I wanted to preface a couple points before I get to subject at hand. First, I enjoyed visiting the shop and interacting with the employees, and especially Will. He gave me some unique insights and information about the shop that lend more interest to the compelling story of how the shop was founded and the obstacles overcome in arriving where the business is today. Second, I typically do not like to make comments or reviews via the online forums without addressing issues with those who can effect a remedy. To that end, I notified the owner of the issues outlined below more on 22 December 2014, and thus far, have not received a response, letter etc. hence, this review.
The BMW X5 was towed into IAS with the intent of diagnosing and repairing the cause of the cranking but not starting issue. After about a week, the tech articulated to us via a phone call that they had diagnosed the issue as to why; the spark plugs were old and not firing properly. We agreed for the work to be completed, which it was. We picked up the car and took it home.
Subsequently thereafter, the car had a couple issues firing but, it would generally start after a bit of cranking; think it was due to cold weather and the fact it was not driven much being contributors etc., we did not pursue further diagnosis as we had been told it was the sparkplugs that were the issue. Having been replaced, it was a reasonable assumption. This would prove to be founded in a false diagnosis.
We embarked upon a trip to Florida, leaving on 12 Dec, intending on returning the 20. We proceeded to our first stop in transit, Walterboro SC. When we awoke the next am, the car, no matter what we did, would not start. Hoping it was due to the frost, we waited until it was warm but, the eventuality was the car would need to be towed.
We called our tow services and arranged for it to be dropped off at the nearest BMW dealership, in Charleston SC, nearly 70 miles away.
By the time we reached and settled the car at BMW, it was nearly 3 pm. Bearing in mind we still had to drive to our destination, over 6 hours away, we proceeded to unpack our car and rent a replacement, at our expense.
The dealership called a couple days later and indicated to us the fuel pump was not working properly and needed to be replaced. In addition, they found several other items that needed addressing, specifically, the hose assemblies were leaking and required replacement; there was an oil leak on the filter seal that would require replacement and they indicated our tires needs to be replaced as well.
The issue here was that after nearly a week in IAS, these issues were not identified; albeit, beyond the fuel pump not necessarily germane, it would seem a reasonable expectation that if a car in being diagnosed, issues like these would be identified so the customer could be notified but, this is a side bar to the main point here. Whereas we are not disputing the claim the sparkplugs were in need of replacement, the fact remains the central issue, the fuel pump, was misdiagnosed, which had a direct causation of the car eventually having to be towed again for what should have been diagnosed and repaired by IAS.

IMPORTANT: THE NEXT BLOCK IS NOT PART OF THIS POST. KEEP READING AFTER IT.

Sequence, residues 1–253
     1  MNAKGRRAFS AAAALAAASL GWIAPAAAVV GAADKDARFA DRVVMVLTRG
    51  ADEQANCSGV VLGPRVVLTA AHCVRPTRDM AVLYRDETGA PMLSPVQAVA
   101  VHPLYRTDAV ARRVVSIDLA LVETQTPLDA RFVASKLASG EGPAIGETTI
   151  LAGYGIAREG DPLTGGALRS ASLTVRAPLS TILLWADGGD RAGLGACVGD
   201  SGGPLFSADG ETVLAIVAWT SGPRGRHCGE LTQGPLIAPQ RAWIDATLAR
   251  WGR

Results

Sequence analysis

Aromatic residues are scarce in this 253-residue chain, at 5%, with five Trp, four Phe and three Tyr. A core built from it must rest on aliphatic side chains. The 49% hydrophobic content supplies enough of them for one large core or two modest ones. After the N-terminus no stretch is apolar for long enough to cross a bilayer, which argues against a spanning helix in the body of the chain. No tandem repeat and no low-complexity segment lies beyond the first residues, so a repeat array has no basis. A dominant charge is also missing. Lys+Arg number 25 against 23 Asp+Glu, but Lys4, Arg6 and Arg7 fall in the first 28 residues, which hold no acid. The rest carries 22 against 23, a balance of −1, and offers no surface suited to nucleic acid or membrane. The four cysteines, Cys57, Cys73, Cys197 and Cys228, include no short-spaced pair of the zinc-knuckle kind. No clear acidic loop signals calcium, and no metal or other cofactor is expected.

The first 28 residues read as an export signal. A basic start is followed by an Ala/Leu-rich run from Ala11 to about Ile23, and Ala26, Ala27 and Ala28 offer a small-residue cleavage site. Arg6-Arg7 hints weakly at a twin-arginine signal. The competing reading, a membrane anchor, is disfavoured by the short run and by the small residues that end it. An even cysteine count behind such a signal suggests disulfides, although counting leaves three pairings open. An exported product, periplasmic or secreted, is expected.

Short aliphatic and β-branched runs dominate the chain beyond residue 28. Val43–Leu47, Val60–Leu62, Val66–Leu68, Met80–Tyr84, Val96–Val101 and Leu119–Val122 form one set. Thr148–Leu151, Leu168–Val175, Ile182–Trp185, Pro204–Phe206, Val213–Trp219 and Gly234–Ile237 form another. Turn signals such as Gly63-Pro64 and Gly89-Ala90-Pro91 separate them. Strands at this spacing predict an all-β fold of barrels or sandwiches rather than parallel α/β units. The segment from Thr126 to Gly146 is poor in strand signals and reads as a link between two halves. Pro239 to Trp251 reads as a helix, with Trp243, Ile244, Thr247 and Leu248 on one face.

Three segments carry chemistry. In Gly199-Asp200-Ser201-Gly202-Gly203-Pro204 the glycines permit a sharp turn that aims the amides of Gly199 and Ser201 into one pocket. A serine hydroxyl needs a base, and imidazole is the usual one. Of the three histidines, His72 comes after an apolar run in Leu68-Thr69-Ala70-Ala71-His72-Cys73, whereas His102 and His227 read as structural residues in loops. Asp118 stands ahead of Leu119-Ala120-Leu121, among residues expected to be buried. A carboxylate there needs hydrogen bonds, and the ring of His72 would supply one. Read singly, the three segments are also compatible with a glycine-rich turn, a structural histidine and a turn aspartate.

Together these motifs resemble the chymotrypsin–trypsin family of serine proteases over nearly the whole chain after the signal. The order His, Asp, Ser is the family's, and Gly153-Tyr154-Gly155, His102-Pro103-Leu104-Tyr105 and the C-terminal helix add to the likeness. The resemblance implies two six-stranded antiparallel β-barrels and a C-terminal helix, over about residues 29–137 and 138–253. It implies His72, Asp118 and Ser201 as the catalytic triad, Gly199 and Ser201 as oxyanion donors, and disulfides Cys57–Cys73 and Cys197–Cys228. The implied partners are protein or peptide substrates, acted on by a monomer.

To help frame the issue, and the effects of the misdiagnosis, below is a snapshot of the time and costs associated with the improper repair; this is beyond the time and monies spent at IAS:
1. Time: the initial time and inconvenience. We were in effect delayed more than 8 hours on Saturday, 13 December due to the car having to be towed to a dealership etc.
2. Time: this initial delay caused us to miss a preplanned family engagement which had been in the works for months.
3. Time: dealership was closed on Sunday hence, work could not be completed until the following week.
4. Time: extra time to return to the dealership upon return from the trip.
5. Added time due to distance: the dealership was 70 miles, one way, out of our intended travel path. This in effect added 280 more miles (70 were traveled in the tow truck) to our trip overall.
6. Money: the repairs are not the issue however; having to rent a car at our expense, and pay for the additional fuel travelling the additional miles to and from the dealership was borne by us exclusively. The car itself was $300 plus 2 tanks of fuel, for a total of about $370 added expenses not previously factored.
The above is just fraction of the total costs in time with family and frustration at having to deal with an issue that should have been resolved by your shop. I would reiterate, the fact the repairs needed to be completed are not in question rather; the misdiagnosis of the larger issue is. In totality, the above listed is a direct result of IAS plainly getting it wrong.
The intent of this review is to inform, and no more. If IAS is unwilling to accept responsibility for mistakes, and act in a reasonable manner, then they are not the shop I thought them to be.
Going forward, even though the shop is close, and we prefer to spend money locally, we will not be taking any of our 3 German brand cars back to IAS. At least with the dealership there are
accountability mechanisms in place that can provide a reasonable remedy when the get it wrong.